Financial rejection: When wealth is uncomfortable
Some people just can't deal with having lots of cash
By Michelle Crouch | Published: April 15, 2011
This is part four in a five-part series about severe money disorders (click through the interactive below to see additional stories). Although most people's financial issues aren't serious enough to warrant classification, we all battle some unhealthy money behaviors, and these articles can help you spot and address your own weaknesses. Coming next week: financial denial, when you can't bear to face the realities of your financial situation.
It is, essentially, the American Dream: work hard, move up in the world and attain prosperity for yourself and your family. But for some troubled individuals, accumulating wealth isn't something to strive for, it's something to avoid. In the extreme, those feelings can develop into a serious money disorder that financial therapists call "financial rejection."
Do you lie to your spouse about your spending? Feel guilty about how much money you make? Constantly blow your budget? CreditCards.com talked to a new breed of expert -- the financial therapist -- about the top five money disorders affecting people today. You can find the stories below or you can navigate to the articles through the illustrations above.
Those with the disorder often believe the rich only get wealthy by exploiting others or by sacrificing their integrity. "They associate having money with being a bad person," says Mary Gresham, a clinical psychologist in Atlanta who specializes in money issues.
Here are some signs indicating you may have the disorder:
- You make considerably less money than your skills, education and professional experience warrant.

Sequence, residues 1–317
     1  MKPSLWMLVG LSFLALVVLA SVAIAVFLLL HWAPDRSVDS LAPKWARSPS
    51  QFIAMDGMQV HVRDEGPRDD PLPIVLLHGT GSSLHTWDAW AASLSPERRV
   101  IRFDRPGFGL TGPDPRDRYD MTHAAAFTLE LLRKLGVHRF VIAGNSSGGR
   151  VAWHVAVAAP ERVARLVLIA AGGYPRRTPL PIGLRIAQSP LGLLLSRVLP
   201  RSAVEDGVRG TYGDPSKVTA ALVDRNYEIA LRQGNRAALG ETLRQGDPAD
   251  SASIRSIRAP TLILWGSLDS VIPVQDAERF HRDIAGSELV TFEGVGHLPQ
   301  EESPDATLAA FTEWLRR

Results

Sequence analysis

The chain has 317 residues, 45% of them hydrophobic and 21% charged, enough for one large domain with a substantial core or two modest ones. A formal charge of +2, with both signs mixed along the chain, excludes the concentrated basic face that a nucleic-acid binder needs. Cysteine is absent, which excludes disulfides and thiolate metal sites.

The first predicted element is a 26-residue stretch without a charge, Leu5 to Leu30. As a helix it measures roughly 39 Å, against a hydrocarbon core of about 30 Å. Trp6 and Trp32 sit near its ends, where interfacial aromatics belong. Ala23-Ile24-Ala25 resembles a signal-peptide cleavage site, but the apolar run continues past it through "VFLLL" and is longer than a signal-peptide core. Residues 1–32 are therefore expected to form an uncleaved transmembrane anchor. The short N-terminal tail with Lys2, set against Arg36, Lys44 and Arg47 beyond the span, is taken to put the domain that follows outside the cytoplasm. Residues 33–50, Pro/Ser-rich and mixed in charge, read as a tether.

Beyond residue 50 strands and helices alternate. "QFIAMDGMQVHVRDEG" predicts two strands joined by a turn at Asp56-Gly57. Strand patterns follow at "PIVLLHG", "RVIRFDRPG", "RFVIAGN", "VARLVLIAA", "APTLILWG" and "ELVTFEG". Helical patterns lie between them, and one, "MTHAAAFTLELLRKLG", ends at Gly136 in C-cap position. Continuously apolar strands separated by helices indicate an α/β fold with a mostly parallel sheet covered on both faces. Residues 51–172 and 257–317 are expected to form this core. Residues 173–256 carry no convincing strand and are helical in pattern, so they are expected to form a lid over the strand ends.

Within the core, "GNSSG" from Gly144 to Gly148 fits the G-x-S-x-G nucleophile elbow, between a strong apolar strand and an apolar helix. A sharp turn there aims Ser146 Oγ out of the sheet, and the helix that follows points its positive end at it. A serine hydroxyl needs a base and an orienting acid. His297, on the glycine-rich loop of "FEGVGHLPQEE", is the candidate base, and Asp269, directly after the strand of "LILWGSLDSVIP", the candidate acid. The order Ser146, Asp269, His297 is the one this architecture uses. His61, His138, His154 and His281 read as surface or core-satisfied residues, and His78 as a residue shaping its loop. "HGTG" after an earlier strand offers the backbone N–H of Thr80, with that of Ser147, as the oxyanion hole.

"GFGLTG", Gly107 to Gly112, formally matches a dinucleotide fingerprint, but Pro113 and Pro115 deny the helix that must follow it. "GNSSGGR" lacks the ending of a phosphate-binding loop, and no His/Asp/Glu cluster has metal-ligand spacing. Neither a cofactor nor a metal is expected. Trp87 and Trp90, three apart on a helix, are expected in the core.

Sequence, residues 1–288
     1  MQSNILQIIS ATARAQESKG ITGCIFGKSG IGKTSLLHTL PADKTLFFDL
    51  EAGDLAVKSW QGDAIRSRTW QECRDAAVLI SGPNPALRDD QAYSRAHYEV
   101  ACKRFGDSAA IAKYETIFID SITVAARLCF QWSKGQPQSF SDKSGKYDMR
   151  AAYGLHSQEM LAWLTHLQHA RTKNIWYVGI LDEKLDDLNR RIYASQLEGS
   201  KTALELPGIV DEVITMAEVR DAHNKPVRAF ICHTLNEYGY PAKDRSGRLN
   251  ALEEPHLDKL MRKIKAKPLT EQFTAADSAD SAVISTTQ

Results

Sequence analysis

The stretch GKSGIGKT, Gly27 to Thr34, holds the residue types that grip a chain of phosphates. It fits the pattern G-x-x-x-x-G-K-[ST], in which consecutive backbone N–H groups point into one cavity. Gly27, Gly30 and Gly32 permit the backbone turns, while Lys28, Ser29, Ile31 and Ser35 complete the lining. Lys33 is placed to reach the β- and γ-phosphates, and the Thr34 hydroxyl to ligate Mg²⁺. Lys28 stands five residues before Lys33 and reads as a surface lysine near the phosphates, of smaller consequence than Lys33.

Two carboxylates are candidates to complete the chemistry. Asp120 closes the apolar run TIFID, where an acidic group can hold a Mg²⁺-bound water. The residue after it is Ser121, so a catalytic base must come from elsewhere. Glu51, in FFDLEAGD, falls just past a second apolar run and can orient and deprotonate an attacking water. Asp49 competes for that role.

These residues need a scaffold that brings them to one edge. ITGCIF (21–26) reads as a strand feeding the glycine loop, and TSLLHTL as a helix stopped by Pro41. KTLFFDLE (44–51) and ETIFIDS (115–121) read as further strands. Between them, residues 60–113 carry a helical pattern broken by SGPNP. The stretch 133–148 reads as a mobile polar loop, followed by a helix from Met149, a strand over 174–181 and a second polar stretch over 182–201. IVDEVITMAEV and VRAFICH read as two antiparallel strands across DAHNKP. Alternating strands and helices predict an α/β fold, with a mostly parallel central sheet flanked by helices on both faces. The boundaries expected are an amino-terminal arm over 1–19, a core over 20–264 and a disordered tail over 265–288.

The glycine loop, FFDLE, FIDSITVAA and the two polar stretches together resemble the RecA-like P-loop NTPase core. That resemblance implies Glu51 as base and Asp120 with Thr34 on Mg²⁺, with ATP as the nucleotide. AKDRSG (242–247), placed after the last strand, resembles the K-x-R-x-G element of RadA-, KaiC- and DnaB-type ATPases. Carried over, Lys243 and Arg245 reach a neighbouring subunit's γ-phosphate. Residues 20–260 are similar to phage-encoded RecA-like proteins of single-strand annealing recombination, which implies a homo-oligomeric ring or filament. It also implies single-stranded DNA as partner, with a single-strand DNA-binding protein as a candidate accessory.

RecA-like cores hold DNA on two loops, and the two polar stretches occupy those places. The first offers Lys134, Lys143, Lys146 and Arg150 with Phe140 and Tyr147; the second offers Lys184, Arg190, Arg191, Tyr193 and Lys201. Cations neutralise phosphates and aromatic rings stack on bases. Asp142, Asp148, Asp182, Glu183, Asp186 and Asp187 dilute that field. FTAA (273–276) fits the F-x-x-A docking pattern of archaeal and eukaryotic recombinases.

- You give money away because you don't feel entitled to it or don't want to be associated with it, even though it could help you and your family.
- You turn down promotions and other opportunities that could expand your career and increase your financial security.
- You work for free or undercharge for your services when there is no clear benefit to doing so.
- You think there is spiritual or political virtue in not having money, and consider yourself morally superior to "rich people."
Detestation for wealth
Many people who suffer from financial rejection grew up in blue-collar areas and had family members who were constantly making negative comments about the wealthy, Gresham says. Others may have had a bad experience that shaped them for life with someone who was well-off.
Neil Ellington with CESI Debt Solutions, a nonprofit credit counseling agency, says he's working with a client who ran up $14,000 in debt mostly by giving to his church and paying for meals for the homeless.
"He has a version of the Messiah complex, where he doesn't want to keep any money for himself because there are people who are worse off than he is," Ellington says. "We're working with him now, trying to help him see that if he pays off his debt, he'll end up in a much better position to give to these causes."
Women are particularly vulnerable to financial rejection, psychologists say, because the parents of girls tend to emphasize charity and thoughtfulness over getting ahead. A 2009 study by Polish researchers found that men are more likely to perceive money as a powerful tool for influencing others and as a means of success, while women are more likely to view it as a root of evil. "Women are much more socialized to turn away from anything that smacks of wanting power, money or status," Gresham says.